Before we begin, I want to provide a little context. I just completed my Adobe Creative Residency. For those of you who aren’t familiar with the program, it’s a new initiative from Adobe that provides designers, photographers, illustrators, etc. a full year to work solely on passion projects. Kelli Anderson and I were the first residents. My projects were (mainly) working on my second book, The Roommate Book (on sale June 28!) and launching my online store, Chipper Things, that features my illustrations on over 70 products.
Let’s dive in.
Much of what I learned during my Creative Residency can be summarized as this: a lot can happen in a year.
I learned (and relearned) the value of accountability, saying yes before feeling ready, sharing publicly and surrounding myself with people who are rooting for me.
A little accountability can go a really long way. The program is remote, therefore I live and work out of my studio in Austin, Texas. Team Adobe is stationed in San Francisco. I talk to Libby (Creative Community Liaison) every Wednesday (specifically at 1 PM CT / 11 AM PT). Throughout the week, we send emails, texts and Trello notes, but overall, this call is where we get down to business.
Libby (and the rest of the Adobe team) is always two steps ahead of me. They’re constantly scheming of ways to make the most of my time as a resident. Because of these weekly meetings, I have done things that I would have otherwise delayed or declined because I didn’t feel ready, think I had the time, etc. This is where the growth really happened. I got so used to saying yes to new things that I accidentally became tougher, faster and better along the way.
Let’s talk more about accidentally becoming brave.
One year ago, I was scurrying to meet with a local film crew (Arts+Labor) at their cool Austin office (it is cool by definition because it has a conference room that’s heavy on the windows.) Since we’re both based out of Austin, it made sense for me to meet at their office while we had a call with my new Adobe team in San Francisco.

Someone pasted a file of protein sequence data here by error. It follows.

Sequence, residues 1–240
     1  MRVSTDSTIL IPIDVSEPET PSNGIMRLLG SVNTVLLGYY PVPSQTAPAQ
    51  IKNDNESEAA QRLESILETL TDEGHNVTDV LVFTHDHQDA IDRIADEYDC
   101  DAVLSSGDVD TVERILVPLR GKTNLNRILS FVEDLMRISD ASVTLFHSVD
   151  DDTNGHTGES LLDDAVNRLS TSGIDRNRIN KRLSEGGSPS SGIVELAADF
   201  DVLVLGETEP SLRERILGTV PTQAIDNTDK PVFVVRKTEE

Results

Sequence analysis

It was in a building that shared an address with a few other offices. I was so close, but so far away, because I couldn’t find their suite number. I was already nervous enough as it was — they were filming a video all about Becky to show the world what Adobe was thinking by hiring me as one of their inaugural Creative Residents. Yet I couldn’t even find an address in plain sight.
That was one of those moments where, if you’re like me, you feel completely unqualified and freaked out that someone (or something, particularly an entity as big as Adobe) is investing time, energy and money in you. At the same time, in your heart of hearts you know that you did not trick them in the process, therefore things must be going as planned. It felt more like the leap from high school to college than the leap from 7th to 8th grade.
Thinking back to how nervous I was compared with how comfortable I am now makes me realize that I walked in as a freshman and I’m walking out as a graduate.
Like Adam Garcia says, “The pressure is good for you.”
We don’t (I don’t) always win with the first try, but if or when I do succeed, those little victories lead to bigger victories. It’s important to challenge ourselves so that when we win, we really win. My talk at Adobe MAX went better than expected, so, I accidentally became a little bit more brave and that made me a little less nervous for the next talk. And even less nervous for the talk after that. Before I knew it, I saw myself as someone who “give talks.”
And just like that, I became more confident without meaning to. It happened because I was pushed a little and then tiptoed even more out of my comfort zone. The accountability led to bigger things, beyond what I thought I was capable of in 365 days.
I said yes to figuring it out later and then I figured it out later.
A core part of my role as a Creative Resident is to share the process publicly. The goal is for this program to lift up and elevate the creative community as a whole. I didn’t have much trouble with this as I shared my 100 Day Project (#100daysofgettingstarted), where I displayed my daily illustrations. I also didn’t mind sharing the process for The Roommate Book. And I also didn’t mind showing folks 90% of the process of designing, building and launching Chipper Things. That last 10% was a lot harder to share.